MONTEREY, California — Three special cars set sales records at RM Sotheby’s August 19-20 auction at the Portola Hotel and Spa in this popular resort city.
The top seller this year was the 1955 Jaguar D-Type, winner of the 1956 24 Hours of Le Mans, which sold for $21,780,000 — an auction record for a British automobile, the auction house.
An elegant 1939 Alfa Romeo 8C 2900B Lungo Spider drew a price of $19,800,000 and made the record books as the most valuable pre-war automobile sold at auction, the auction house said.
The first Shelby Cobra ever produced — a 1962 260 Shelby Cobra CSX 2000 — sold for $13,750,000, an auction benchmark for an American car, according to RM Sotheby’s.
Construction barriers this year at the Portola Hotel scotched the informal preview once available to the general public of several of the historic and/or exotic cars soon to cross the 2016 auction block.
It had an even greater impact on the RM Sotheby’s sales results. A year earlier the company posted Monterey sales of $172.9 million; this year it rang up $117.9 million. Of those cars on the block, 82 percent sold.
“Because of construction at the Portola Hotel we reduced the number of cars for sale from 150 to 100,” said RM spokeswoman Amy Christie. “And last year our sale stretched over three days.”
Getting to the hotel wasn’t easy. Who needs to register for a costly corso or fancy road rally when all you need for a true driving challenge is to wedge your car into the packed avenues and narrow, car-clogged and often hilly side streets of this popular resort city?
Once they found a parking spot, curious visitors could still visit the hotel lobby area and several of the adjoining meeting rooms where some of the most valuable cars were on display. They included that breathtaking 1939 Alfa Romeo 8C 2900B Lungo Spider with its pre-sale estimated value of up to $25 million.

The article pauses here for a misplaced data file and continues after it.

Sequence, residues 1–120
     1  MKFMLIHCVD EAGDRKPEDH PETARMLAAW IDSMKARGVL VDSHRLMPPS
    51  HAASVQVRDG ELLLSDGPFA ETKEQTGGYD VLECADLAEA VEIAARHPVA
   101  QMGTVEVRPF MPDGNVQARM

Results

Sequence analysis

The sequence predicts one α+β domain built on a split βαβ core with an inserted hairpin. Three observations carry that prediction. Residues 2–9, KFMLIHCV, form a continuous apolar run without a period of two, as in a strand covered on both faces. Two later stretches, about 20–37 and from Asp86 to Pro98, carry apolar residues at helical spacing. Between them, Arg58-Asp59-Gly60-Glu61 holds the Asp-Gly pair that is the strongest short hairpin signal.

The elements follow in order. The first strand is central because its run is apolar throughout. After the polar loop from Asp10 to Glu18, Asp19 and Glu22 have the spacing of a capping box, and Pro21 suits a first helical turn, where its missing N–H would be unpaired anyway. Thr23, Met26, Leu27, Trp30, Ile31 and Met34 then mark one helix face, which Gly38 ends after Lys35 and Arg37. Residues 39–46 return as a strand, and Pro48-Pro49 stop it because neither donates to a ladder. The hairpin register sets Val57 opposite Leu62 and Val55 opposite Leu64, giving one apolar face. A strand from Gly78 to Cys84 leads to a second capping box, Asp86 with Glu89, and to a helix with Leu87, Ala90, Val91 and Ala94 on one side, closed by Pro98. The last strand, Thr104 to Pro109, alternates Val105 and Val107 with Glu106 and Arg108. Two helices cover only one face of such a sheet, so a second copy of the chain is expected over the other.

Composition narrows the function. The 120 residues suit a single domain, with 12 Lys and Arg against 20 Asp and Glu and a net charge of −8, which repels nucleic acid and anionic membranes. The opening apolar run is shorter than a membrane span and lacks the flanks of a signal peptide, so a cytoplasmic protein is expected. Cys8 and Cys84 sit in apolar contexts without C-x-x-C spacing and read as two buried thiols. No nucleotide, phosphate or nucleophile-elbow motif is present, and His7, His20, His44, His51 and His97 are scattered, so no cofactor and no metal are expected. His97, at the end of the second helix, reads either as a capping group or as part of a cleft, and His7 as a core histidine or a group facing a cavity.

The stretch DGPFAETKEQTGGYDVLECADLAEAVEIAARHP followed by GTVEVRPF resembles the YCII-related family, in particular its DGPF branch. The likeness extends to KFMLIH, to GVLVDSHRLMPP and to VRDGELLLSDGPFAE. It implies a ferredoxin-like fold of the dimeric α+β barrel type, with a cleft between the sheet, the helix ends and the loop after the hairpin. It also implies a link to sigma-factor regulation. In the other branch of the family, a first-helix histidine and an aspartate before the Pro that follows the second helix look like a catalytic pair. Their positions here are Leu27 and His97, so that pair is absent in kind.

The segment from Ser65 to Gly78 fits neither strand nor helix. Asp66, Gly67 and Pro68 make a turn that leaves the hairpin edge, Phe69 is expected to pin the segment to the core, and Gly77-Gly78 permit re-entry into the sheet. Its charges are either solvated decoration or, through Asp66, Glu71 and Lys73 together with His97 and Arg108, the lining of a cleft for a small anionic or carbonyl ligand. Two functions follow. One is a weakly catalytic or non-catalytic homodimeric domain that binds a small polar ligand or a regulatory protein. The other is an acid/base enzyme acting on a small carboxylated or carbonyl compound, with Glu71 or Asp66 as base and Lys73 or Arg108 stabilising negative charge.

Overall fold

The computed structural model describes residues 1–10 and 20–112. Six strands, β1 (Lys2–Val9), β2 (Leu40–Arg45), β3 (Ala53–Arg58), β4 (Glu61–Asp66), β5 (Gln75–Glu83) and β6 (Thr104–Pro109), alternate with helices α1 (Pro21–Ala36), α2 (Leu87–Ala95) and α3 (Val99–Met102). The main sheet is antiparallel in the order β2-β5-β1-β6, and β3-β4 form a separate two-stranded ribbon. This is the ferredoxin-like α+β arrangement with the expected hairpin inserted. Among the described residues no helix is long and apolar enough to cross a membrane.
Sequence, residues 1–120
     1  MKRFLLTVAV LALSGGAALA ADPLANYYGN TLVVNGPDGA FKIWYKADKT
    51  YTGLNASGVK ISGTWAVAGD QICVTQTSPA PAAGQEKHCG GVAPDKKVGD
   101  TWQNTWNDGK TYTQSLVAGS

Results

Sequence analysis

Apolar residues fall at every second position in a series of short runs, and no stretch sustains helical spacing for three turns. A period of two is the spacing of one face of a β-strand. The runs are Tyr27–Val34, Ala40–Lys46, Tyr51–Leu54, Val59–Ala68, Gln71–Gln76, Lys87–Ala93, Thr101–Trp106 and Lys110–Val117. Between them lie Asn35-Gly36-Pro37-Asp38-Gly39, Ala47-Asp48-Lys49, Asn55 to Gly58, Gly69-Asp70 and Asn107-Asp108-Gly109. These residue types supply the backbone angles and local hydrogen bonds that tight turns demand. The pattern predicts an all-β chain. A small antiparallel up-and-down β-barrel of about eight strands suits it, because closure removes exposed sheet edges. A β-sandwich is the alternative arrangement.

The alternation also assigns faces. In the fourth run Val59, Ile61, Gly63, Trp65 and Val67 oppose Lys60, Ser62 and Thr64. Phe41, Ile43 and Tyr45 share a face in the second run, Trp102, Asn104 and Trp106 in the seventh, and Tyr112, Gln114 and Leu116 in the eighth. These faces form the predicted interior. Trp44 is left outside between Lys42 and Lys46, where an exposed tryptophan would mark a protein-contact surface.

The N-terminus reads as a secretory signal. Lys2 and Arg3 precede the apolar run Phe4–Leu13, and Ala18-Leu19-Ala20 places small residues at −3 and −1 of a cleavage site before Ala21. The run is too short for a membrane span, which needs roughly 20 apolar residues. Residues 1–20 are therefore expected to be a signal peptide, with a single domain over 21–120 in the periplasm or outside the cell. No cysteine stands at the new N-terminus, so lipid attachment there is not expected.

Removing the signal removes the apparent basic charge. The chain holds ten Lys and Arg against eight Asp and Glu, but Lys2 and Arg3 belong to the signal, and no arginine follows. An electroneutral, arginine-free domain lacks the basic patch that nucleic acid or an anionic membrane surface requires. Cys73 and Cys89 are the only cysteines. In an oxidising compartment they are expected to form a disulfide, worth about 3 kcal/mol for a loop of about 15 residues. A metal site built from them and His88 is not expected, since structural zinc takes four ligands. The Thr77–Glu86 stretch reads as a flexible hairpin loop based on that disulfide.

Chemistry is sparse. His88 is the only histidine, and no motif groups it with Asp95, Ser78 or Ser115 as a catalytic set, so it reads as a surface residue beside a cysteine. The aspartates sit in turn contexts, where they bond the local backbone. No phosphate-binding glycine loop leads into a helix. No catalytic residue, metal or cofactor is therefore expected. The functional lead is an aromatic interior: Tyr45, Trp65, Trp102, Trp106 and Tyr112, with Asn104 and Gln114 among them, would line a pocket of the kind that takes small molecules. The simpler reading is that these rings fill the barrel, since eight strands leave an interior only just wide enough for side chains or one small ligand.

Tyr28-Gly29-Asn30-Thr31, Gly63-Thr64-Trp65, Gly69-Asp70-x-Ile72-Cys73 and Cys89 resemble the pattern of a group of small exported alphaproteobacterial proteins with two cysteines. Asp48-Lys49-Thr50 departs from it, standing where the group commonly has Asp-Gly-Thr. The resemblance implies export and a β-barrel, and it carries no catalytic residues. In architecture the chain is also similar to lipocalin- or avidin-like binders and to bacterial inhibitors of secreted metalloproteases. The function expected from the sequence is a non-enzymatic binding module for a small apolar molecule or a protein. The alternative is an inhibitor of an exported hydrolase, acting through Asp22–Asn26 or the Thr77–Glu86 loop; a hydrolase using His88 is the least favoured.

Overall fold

In recent years it was Ferraris that topped the sales charts for RM-Sotheby’s. This time around the best-selling Ferrari was a 1956 250 GT Berlinetta Competizione that brought $5,720,000. A 1958 Ferrari 250 GT LWB California Spider with an estimated value of $12-$14 million did not sell.
On the lighter side, a 1952 Mercedes-Benz 220 Cabriolet completely covered with flowers and butterflies by artist Hiro Yamagata gave a new meaning to transportation. For over two decades Yamagata has restored and decorated some three dozen Mercedes 220 Cabriolets. Each features a unique design from the man who says, “I’m just painting from nature.”
Accompanied by a note indicating its matching luggage would arrive later, a red 1962 Ghia L 6.4 Coupe similar to Ghias owned and reportedly esteemed by entertainers including Frank Sinatra, Dean Martin and Peter Lawford was offered for sale in Monterey. It was the product of a limited line begun by Detroit businessman Eugene Casaroll, who took a Chrysler concept car from the 1950s and for a few years produced sought-after convertibles.
The 1962 Ghia L 6.4 Coupe, hand-built in Italy and exported to the U.S., sold for $577,500. Apparently the matching luggage is included in that price and will be forwarded to the buyer.
More than one auction guest was surprised to see a boxy 1986 Dodge Shelby Omni GLHS keeping company on the outdoor lot with classic tourers and race cars with papers. But this wasn’t just any GLHS. Carroll Shelby owned this Goes Like Hell S’More for several years and it reportedly had fewer than 8,000 miles on it. The car sold for $27,500.